By Jennifer Anne Hohman
Sometimes change is good! Practicing in a locum tenens position is a uniquely flexible way to explore a new location, expand your practice, make professional connections, and stay clinically active between longer-term positions. Locum tenens work offers PAs vital possibilities for learning, growth, and career redirection. Locum tenens is Latin for “to hold the place of.” PAs in these positions step in to fill in for other providers, from very short-term stints to a year or even longer.
For PAs interested in making a change and navigating out of a career cul-de-sac, a locums position may be the perfect solution, as starting fresh in a limited-commitment manner maximizes exploration and minimizes risk.
Some benefits to consider:
- Taking control of your schedule: When working in a locums position, you choose your assignments, hours, and availability. A great option for maintaining active practice while scaling down hours to respond to life changes and improve work/life balance. Locums work also allows breaks between assignments for as long as you wish.
- Exploring new practice options: The temporary nature of locums work is a wonderful option for exploring a different specialty and/or setting without the constraints of a contract or long term commitment. You can make excellent professional contacts and gain experience essential for a targeted practice transition post-locums.
- Income potential: Moonlighting at a locums position is a great way to earn extra income, often at higher rates than traditional positions as employers will pay extra to fill needed spots.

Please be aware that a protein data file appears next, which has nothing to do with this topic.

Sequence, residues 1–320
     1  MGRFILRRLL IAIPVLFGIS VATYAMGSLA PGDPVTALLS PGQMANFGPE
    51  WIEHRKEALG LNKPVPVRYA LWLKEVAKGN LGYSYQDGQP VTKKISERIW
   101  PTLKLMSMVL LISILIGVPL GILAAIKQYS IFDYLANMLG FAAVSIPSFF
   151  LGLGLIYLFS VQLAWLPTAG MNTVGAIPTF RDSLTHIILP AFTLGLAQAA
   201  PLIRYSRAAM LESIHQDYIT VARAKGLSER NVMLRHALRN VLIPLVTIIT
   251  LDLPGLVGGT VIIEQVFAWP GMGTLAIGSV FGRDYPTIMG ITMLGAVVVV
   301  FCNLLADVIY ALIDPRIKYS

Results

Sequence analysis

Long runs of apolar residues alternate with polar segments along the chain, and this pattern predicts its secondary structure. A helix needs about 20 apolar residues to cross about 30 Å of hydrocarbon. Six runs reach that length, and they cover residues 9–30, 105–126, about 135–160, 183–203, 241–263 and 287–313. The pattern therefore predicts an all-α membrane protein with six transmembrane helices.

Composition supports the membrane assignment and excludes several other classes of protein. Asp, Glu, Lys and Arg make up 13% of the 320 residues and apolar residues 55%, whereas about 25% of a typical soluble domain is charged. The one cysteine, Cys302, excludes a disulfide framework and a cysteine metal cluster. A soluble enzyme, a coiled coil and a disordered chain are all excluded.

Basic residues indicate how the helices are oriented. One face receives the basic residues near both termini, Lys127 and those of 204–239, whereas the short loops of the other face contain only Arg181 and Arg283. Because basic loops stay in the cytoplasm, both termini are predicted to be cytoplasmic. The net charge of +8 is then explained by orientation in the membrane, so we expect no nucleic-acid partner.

- For PAs near retirement, locums work allows you to wind down your practice gradually and make a difference to patients on flexible terms of your choosing.
- Experiencing a new region and community: See what a new location is really like before committing to a move. Consider a locums spot in that area to experience it firsthand.
Working with a Staffing Agency
Locums placement through a reputable staffing agency offers PAs several benefits. These firms will place you in a job with your choice of specialty, setting, and location and offer crucial logistical support on matters ranging from licensure to housing. PAs working with an agency can typically expect assistance with assignment placements, paid accommodations and travel to the work site, credentialing, malpractice insurance, and assignment orientation.
A major question PAs have when considering a locums position is whether they will need to incorporate themselves as independent contractors. Many staffing agencies, such as major players CompHealth and StaffCare, treat PAs as employees and provide a range of benefits, including liability coverage, making it easy to jump into a new position and start working right away. StaffCare even helps PAs to travel to a new location with pets and family. You can also choose to incorporate your own practice and as an independent contractor launch your own business and apply for locums positions.
If you opt to work with an agency, as with any employment relationship, communication is key to success. As you develop a dialogue with a recruiter, here are some issues to discuss for the best possible experience as a locums PA.